George Santos Denies Defrauding Dog

The dog had cancer. And it belonged to a homeless veteran. Hey, if he can survive this, he can survive anything!

An image of Santos fades into a black and white image of the Capitol on the $50 bill over which red dog footprints are walking.
George Santos and the ghost footprints of the dog he allegedly defrauded. Photo illustration by Slate. Photos by Anna Moneymaker/Getty Images, trekandshoot/iStock/Getty Images Plus, and archivector/iStock/Getty Images Plus.

At what point does a politician’s behavior become so scandalous or embarrassing that he, or much more rarely she, has no choice but to resign or drop out of a campaign? This used to be a relatively straightforward question—something as simple as being caught having an extramarital affair could be disqualifying. But things are different in the Donald Trump-era Republican Party.

Trump, as all Americans recall very fondly, chose not to drop out of the 2016 presidential race after the release of an audio tape in which he described his enthusiasm for touching women in a way that really really really sounded like sexual assault. (He denies having sexually assaulted anyone.) This risk paid off, in that Trump’s poll numbers dipped only temporarily and he won the election. It has inspired many subsequent figures, perhaps most notably Herschel Walker, to “stick it out” in office or on the trail while “doubling down” on the denial of various allegations, no matter how credible, against them. In Walker’s case, this meant finishing—and nearly winning!—the 2022 Georgia Senate race, despite some ruthlessly credible accusations that he had fathered secret children and paid for a secret abortion.


Into this context arrived Rep. George Santos, the Long Island Republican who has been accused of (and/or admitted to) many things since winning election to Congress in November:

• Using stolen checks to buy shoes in Brazil
• Participating in the operation of a Ponzi scheme
• Lying about having worked at Goldman Sachs
• Lying about having worked at Citigroup
• Lying about having Jewish grandparents who fled the Holocaust
• Lying about having Jewish grandparents
• Lying about being named “Anthony Zabrovsky” in order to raise money from Jewish donors
• Lying about having employed four people who died in the 2016 Pulse nightclub shooting in Orlando
• Lying about operating a registered charity for pets
• Lying about owning rental properties
• Lying about his mother being the first female executive at a major financial corporation
• Lying about his mother having been in the South Tower of the World Trade Center when it was hit by a plane on 9/11
• Lying about having graduated from college
• Lying about having attended college
• Lying about having been a star volleyball player at a college he didn’t attend
• Committing whatever kind of campaign-finance violation would require one to repeatedly claim to have eaten a meal that cost exactly $199.99, the highest expenditure that does not require the submission of a receipt to the Federal Elections Commission, at a restaurant in Queens owned by a man who also owns a property where federal agents once found cocaine and ammunition (and whose brother has been convicted of human trafficking)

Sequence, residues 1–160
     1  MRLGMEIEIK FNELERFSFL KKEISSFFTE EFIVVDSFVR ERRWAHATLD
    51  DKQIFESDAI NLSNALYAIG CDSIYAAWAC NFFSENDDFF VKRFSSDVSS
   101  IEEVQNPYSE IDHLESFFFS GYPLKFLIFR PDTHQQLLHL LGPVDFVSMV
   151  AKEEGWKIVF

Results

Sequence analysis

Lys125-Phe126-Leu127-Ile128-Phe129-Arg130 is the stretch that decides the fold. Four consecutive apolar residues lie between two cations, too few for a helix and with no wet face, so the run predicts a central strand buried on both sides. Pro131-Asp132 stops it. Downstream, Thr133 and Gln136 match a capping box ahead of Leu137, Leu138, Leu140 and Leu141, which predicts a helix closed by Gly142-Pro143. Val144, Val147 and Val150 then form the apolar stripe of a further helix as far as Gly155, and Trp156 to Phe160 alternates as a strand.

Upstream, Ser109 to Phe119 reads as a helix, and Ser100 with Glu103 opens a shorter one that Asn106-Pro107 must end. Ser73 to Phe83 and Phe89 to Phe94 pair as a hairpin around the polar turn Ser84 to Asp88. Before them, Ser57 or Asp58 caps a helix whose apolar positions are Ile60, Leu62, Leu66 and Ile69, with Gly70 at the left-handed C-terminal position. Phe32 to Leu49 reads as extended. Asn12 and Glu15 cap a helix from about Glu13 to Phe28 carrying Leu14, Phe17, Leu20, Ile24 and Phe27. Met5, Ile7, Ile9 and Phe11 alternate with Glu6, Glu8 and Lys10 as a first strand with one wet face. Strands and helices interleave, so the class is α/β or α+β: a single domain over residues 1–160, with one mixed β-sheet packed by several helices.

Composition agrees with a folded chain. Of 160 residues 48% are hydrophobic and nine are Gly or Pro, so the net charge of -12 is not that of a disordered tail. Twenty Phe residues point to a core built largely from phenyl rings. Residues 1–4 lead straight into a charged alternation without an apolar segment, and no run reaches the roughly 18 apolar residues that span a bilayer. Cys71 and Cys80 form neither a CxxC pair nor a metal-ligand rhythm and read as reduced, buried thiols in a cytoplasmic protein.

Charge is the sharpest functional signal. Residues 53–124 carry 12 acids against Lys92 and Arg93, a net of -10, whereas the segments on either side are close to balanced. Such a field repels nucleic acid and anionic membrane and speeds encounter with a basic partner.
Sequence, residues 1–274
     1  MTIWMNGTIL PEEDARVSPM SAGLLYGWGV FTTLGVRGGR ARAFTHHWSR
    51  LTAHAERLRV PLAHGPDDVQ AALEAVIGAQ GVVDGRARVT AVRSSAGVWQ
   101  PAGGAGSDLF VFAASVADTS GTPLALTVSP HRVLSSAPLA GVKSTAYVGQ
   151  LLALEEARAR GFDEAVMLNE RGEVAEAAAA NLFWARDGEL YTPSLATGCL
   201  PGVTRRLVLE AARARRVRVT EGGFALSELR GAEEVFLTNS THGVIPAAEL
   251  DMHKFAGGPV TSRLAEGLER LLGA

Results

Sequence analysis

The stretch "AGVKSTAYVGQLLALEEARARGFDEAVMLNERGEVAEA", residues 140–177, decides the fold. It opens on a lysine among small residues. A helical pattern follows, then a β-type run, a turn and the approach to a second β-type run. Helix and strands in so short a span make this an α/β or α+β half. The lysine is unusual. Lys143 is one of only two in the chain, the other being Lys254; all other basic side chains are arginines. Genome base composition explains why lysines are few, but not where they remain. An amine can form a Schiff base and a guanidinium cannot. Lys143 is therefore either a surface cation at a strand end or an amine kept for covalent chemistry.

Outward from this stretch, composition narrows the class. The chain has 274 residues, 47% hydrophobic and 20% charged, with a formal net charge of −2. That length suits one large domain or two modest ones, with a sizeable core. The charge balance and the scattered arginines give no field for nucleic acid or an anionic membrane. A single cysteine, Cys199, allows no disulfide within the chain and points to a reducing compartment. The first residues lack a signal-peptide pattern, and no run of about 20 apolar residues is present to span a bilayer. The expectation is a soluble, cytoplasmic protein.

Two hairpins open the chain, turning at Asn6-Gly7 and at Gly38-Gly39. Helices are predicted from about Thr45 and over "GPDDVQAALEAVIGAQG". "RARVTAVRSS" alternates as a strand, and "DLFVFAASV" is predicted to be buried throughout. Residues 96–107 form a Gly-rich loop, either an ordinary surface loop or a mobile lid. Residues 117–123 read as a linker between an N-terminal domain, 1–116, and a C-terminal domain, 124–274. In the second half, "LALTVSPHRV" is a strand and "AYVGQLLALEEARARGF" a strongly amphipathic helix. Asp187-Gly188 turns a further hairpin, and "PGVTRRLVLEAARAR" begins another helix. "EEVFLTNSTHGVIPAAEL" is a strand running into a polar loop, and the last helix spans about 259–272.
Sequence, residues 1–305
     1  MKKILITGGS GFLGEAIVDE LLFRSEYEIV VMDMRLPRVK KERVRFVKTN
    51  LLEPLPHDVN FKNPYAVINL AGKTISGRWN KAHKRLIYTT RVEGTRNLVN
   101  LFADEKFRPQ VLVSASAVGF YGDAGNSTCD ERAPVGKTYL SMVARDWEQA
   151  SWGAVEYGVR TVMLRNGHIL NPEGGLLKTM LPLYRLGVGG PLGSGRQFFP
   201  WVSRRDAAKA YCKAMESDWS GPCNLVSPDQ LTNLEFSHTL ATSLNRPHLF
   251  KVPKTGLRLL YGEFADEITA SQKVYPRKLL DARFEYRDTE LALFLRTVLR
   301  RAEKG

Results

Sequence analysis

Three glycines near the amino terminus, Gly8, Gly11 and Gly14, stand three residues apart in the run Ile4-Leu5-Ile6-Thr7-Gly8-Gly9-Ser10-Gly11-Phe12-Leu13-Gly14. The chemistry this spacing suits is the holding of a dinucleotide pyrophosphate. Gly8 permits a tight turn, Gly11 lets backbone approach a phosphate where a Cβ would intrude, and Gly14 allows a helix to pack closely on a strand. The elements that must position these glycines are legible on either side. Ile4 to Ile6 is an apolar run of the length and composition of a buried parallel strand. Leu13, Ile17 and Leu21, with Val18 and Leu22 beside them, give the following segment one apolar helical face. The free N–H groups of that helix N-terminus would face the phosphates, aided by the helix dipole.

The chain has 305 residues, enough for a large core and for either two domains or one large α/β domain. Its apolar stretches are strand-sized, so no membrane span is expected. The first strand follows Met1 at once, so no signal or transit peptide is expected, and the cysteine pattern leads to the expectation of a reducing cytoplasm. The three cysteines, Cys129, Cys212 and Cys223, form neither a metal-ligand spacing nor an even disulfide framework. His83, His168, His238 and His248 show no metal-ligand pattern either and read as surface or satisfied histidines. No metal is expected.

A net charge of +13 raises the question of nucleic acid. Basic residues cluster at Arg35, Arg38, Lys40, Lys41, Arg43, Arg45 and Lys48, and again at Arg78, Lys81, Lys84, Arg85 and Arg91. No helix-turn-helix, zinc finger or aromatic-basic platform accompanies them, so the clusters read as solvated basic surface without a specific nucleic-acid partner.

Santos, however, has not yet resigned, despite being urged to do so by six fellow Republican representatives from New York and a handful of others. (He also, for the record, hasn’t been charged with a crime). Is there anything that could make this man break his commitment to public service? What if he were accused of stealing money from a down-on-his-luck veteran who needed it because his service dog had cancer? As first reported by the local news site Patch:


In May 2016, Richard Osthoff was living in a tent in an abandoned chicken coop on the side of Route 9 in Howell, New Jersey, with his beloved service dog Sapphire. A veteran’s charity gave the pit mix to Osthoff, a disabled veteran who was honorably discharged from the U.S. Navy in 2002, he told Patch.

When Sapphire developed a life-threatening stomach tumor, Osthoff, now 47, learned the surgery would cost $3,000.  A veterinary technician took Osthoff aside and told him, “‘I know a guy who runs a pet charity who can help you,’” Osthoff recounted.


As Patch explains in its story, the alleged charity in question was the fake one, referenced above, run by Santos—who was, at the time, going by a completely different name, Anthony Devolder. According to Osthoff and a veterans’ advocate who was in touch with him at the time, Devolder/Santos raised $3,000 on GoFundMe for the dog’s surgery, provided a series of excuses for not spending it on an operation, and dropped out of touch. The dog then died.


Santos denies the allegation and says he has no idea who Osthoff is, but contemporaneous evidence published by Patch and other outlets suggests that someone going by the name Anthony Devolder did, in fact, raise money for Osthoff’s dog in 2016; Anthony Devolder, meanwhile, was an alias that Santos was already known to have used before Osthoff made the allegation publicly.

As of press time, George Santos/Anthony Devolder/Anthony Zabrovsky remains a member of Congress and, as of this week, has reportedly even been assigned to serve on the House Committee on Small Business. For the time being, readers are advised not to respond to any texts or calls from the House Committee on Small Business seeking their social security number or other financial information.